Monsignor Smith said that "most of the fireworks" in end-of-life disputes have been about assisted nutrition and hydration. "But there's another problem that the bishop [Blaire] didn't mention, and that's probably what did Robert Wendland in. That problem is antibiotics."

"I think everybody deserves regular antibiotics to ward of pneumonia the first time around," continued Smith. "If you are lying still on a bed with tubes coming in and out, it is inevitable that you're going to get infections, some of which are politely called 'nosocomial' [hospital induced] infections. Then you get into the second round of high tech antibiotics. Then you get into what are called guerrilla antibiotics. Now it seems to me that if you are just warding off pneumonia, everyone deserves that treatment. When you go beyond that, you are, in fact, prolonging the act of dying. But this man [Robert Wendland] was not a dying patient."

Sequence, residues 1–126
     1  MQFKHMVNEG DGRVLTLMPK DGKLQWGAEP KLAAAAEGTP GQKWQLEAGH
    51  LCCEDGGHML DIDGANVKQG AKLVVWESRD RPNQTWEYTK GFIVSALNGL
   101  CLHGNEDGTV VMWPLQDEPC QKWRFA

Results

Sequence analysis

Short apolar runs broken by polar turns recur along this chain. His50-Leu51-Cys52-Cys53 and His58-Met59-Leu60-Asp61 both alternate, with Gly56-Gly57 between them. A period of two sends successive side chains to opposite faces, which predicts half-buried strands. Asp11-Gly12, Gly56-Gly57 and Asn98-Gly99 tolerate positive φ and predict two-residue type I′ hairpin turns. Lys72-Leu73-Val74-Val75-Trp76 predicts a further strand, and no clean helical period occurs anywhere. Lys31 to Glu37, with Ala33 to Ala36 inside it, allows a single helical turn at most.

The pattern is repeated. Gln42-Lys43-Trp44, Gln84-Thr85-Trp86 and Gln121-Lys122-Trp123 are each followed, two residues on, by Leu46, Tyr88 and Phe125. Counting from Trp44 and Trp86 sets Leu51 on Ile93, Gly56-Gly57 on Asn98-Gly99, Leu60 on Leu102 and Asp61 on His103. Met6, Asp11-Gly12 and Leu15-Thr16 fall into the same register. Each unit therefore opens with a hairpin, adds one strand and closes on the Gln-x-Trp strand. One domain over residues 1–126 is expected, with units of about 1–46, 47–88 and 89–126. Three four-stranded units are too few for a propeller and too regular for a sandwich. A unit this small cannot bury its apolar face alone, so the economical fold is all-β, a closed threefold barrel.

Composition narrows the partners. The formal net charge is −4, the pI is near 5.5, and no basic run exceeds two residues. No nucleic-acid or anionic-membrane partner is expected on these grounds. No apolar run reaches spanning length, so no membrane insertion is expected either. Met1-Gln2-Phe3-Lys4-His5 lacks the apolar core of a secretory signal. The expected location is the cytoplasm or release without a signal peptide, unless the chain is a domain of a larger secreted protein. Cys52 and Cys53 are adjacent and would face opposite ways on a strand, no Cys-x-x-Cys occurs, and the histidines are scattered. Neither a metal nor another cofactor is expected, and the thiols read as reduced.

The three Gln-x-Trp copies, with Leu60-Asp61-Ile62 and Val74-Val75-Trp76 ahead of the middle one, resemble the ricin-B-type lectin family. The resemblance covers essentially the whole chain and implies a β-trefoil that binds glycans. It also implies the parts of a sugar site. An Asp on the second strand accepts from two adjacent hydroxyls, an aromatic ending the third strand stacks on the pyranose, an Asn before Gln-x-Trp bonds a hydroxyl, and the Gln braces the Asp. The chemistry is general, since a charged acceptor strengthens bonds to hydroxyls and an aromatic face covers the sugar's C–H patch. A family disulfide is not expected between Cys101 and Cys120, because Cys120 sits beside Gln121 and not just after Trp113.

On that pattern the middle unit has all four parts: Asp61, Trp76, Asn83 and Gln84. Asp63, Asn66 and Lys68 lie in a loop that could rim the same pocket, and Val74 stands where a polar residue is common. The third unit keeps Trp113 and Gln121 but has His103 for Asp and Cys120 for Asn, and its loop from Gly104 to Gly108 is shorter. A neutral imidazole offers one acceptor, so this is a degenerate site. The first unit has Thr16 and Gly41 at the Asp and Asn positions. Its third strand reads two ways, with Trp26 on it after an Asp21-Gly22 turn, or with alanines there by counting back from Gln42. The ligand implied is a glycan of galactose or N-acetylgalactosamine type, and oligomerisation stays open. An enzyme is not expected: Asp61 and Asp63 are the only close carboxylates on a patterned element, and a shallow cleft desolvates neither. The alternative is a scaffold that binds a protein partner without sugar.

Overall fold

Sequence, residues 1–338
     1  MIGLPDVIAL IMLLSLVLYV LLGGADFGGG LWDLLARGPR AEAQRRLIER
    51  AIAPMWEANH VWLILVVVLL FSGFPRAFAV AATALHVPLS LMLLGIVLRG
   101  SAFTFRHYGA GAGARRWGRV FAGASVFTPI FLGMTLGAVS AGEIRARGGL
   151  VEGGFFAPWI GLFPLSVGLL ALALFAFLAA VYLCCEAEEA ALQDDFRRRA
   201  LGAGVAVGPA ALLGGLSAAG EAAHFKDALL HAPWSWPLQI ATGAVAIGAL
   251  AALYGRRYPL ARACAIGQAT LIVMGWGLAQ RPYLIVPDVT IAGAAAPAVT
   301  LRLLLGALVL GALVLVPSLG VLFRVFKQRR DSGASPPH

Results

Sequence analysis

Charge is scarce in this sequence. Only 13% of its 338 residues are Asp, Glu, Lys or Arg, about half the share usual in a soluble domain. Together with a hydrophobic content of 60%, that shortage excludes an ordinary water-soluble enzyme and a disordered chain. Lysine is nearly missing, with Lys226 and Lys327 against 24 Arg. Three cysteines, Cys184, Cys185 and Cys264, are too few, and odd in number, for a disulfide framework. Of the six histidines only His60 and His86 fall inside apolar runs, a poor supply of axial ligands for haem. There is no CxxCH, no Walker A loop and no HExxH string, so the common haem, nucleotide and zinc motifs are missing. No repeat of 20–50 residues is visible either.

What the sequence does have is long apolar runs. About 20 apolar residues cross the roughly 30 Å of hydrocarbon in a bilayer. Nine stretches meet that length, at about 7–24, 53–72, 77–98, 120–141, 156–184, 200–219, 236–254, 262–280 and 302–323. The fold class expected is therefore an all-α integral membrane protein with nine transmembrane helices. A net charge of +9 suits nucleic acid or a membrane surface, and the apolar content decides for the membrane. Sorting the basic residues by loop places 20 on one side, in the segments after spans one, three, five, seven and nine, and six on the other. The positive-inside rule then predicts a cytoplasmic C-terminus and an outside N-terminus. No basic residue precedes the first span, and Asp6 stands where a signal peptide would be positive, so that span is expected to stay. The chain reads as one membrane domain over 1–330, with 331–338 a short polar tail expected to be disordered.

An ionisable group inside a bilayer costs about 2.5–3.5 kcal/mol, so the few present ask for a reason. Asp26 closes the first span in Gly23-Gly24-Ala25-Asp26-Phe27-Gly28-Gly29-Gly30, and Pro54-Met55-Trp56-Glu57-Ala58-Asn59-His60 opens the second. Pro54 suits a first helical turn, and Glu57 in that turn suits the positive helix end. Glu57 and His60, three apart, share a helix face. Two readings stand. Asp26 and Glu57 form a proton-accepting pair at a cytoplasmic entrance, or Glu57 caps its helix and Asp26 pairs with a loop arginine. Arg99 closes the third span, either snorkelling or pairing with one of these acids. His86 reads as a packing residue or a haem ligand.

When the Church speaks of excessive burden or excessive hardship in regards to the affects of medical treatment, she is using, said Smith, "a first person standard -- whether you're benefiting the patient or burdening the patient. What has happened in the courts is that they go for the third person -- whether you're a burden on the community, a burden on scarce resources, a burden on HMOs. Robert Wendland was not imminently dying; his death, if pneumonia had not done him in first, would have resulted from the removal of the feeding tubes. Euthanasia, said Pope John Paul II, is an "action or omission which of itself and by intention causes death, with the purpose of eliminating all suffering." "This isn't religion; this is a little biology," said Monsignor Smith. "You stop food and water, you die, I don't care who the hell you are. You set in motion a chain of events you know is death-dealing." Smith said, in some cases, removing feeding tubes is permissible; if a patient is dying, "you can reach a point where only palliative care is proper, where the patient cannot assimilate food anymore. If you can't assimilate food -- that means you're dying; food isn't food for those folks anymore. There are some cancer cases where the tumor is in the stomach; if you are feeding the patient, you're feeding the tumor. You're hurting more than helping, and that should cease. But that patient is dying. From what you're saying, Robert Wendland wasn't dying; he just wasn't functioning well."